The French Have Paris, So Why Buy Hollywood?

Paris, Place St. Michel, two weeks ago. This exchange between a middle-aged American couple:

“Look, Jane, there’s Notre Dame!”

“Well, for heaven’s sake!”

Which is, when you think about it, exactly the point.

In Gallimard’s bookstore on the Boulevard Raspail, I picked up Marchands d’Art , a staccato, less-than-forthcoming memoir by Daniel Wildenstein of his family’s great art-dealing firm and his own life. In an early chapter, he cites the advice he was given as a boy by his grandfather Nathan, words to live by: Aimer la France. Visitez le Louvre. Good advice for visitors to Paris in l’an deux mille.

The second part’s a no-brainer, even at this time of year, when there are said to be as many as 150,000 Americans in Paris, and it is possible to spend an hour or so in the city-center arrondissements and hear as much English spoken as French.

The first is a bit more of a stretch. France may not have invented attitude, but it has certainly turned it into a fine art. Still, one should be prepared to forgive the French anything for having invented Paris. And for those fabulously sculpted vowels. To hear a Parisian of a certain sort pronounce ” scrupuleusement ” is worth enduring an economy-class transatlantic flight. How do they do that thing with their mouths? And in a fortnight, I never had a poorly dressed salad. Sounds trivial, I know, and I shudder to think what my many Hamptons well-wishers may make of it, but the singular marvel of French culture is its conviction that the sauce– la présentation –is the key to the dish.

In Paris, triumphalism’s in the air. You can smell the money. France is flying high right now: winners of the Euro 2000 cup in soccer; the economy doing well; President Chirac telling the rest of the world what to do.

Then there’s Vivendi.

Vivendi, Vivendi, Vivendi–another one of those deals I’m having trouble understanding. I hear the buzzwords, I dig the conceptual thinking, and yet, like everyone else, I tend to extrapolate from my own experience of the Internet, the way I deal with portals and so on, and I just can’t see it. I look at Vivendi chief executive Jean-Marie Messier’s smug face–the cover of Business Week was particularly to the point–and I can’t help thinking that the fates are sharpening their scissors for this one. Or does Mr. Messier know something? As a Grandes Écoles product and a former investment banker, the likelihood is that he knows nothing and is merely riding this by-now-wearying but still impressively sized bull of a market.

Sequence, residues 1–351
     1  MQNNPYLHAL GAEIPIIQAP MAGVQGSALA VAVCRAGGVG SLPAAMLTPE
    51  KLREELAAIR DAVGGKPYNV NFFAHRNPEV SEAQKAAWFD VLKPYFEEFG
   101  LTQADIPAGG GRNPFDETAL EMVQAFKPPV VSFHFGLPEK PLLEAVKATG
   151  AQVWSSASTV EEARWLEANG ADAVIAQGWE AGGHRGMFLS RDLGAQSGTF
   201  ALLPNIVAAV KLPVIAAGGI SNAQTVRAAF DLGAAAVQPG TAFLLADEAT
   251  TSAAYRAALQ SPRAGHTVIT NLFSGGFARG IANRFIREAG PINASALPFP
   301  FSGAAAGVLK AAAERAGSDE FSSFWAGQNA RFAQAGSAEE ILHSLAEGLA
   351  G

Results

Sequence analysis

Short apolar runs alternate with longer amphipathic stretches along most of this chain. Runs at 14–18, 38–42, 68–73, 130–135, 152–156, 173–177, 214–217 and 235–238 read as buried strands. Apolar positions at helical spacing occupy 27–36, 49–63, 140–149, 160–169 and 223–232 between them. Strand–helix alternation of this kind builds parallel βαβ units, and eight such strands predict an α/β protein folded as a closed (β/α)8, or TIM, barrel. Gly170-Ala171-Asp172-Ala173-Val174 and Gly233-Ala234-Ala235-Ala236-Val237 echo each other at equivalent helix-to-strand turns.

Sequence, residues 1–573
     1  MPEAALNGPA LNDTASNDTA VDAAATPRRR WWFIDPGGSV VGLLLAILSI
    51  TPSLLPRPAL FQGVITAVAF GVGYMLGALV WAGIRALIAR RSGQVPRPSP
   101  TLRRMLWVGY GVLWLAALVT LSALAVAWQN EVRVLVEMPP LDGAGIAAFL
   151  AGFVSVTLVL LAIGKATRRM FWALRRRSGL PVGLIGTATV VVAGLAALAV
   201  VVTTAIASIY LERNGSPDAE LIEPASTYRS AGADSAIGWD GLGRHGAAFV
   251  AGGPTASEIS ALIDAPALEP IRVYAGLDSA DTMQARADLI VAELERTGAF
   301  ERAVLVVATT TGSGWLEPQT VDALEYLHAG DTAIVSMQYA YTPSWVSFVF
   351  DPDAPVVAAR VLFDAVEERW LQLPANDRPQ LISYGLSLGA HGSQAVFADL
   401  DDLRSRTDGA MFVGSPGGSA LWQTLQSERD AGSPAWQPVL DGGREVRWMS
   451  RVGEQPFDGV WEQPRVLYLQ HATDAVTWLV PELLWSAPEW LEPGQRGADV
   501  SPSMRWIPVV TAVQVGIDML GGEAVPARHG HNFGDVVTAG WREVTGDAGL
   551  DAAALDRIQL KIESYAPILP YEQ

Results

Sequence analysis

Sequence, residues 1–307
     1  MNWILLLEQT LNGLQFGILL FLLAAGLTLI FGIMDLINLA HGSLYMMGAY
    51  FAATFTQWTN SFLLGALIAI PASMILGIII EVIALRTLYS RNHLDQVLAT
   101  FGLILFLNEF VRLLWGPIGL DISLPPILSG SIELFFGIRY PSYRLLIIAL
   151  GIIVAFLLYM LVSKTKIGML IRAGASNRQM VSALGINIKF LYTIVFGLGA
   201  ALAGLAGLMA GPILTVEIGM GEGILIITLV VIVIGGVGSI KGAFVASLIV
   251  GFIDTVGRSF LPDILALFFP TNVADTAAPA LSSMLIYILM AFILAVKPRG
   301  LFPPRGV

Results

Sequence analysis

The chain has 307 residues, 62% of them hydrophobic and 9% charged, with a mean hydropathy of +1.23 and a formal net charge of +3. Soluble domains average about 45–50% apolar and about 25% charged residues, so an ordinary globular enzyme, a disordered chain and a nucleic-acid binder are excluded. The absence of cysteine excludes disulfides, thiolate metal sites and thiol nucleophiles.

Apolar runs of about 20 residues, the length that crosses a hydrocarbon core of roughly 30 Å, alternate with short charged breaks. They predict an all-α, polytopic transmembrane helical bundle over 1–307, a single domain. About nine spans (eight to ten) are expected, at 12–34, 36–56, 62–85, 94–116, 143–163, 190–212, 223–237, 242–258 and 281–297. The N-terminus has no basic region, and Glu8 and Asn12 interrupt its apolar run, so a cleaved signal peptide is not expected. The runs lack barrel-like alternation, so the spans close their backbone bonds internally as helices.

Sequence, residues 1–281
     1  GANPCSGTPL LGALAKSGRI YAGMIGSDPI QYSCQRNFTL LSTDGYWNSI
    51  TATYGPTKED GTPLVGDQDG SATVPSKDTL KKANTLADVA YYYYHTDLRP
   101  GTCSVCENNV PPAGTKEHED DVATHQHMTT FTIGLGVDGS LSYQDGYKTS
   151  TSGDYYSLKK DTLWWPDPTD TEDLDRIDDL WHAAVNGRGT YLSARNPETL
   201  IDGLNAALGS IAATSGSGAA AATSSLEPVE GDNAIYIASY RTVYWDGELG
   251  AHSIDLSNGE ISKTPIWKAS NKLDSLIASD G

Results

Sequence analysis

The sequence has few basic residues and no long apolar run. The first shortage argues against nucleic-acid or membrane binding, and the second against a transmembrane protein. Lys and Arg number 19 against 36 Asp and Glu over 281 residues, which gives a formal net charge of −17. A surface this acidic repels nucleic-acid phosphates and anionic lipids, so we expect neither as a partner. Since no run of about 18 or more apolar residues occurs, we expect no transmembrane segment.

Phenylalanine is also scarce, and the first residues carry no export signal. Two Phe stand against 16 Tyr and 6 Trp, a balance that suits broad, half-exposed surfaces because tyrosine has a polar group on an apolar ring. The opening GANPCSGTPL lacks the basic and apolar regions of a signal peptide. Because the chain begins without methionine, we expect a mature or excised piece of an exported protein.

Why isn’t this just another example of that mysterious urge of moguls to own their own movie studios? Why should the French succeed in Cloud Cuckooland where the Japanese and the Italians have failed? If the French understand the movie business–globally, that is–why isn’t there a domestic French film industry worth a damn, one asks? Maybe it has something to do with son et lumière . And now, with Mike Ovitz having been added to the Seagram-Vivendi mix through his new alliance with Canal Plus, which everyone thinks is the most attractive part of the French side, the Hollywood relationships within the new enterprise (Universal having been run by Mr. Ovitz’s ex-CAA sidekick, Ron Meyer) become positively Byzantine, worthy of those at Versailles under Louis XIV as chronicled by Saint-Simon.

Globalization and the French temper make uneasy bedmates. They want, and yet they don’t want. EuroDisney is a big success, not least because it’s a day trip. But José Bove, the farmer who trashed McDonald’s, is also a hero. If you ask me, what the French ought to worry about on the globalization score isn’t Mickey or Big Mac, but new-fashioned American-style political correctness, which comes along for the ride the way other viruses ferment and circulate in the closed atmosphere of a jetliner.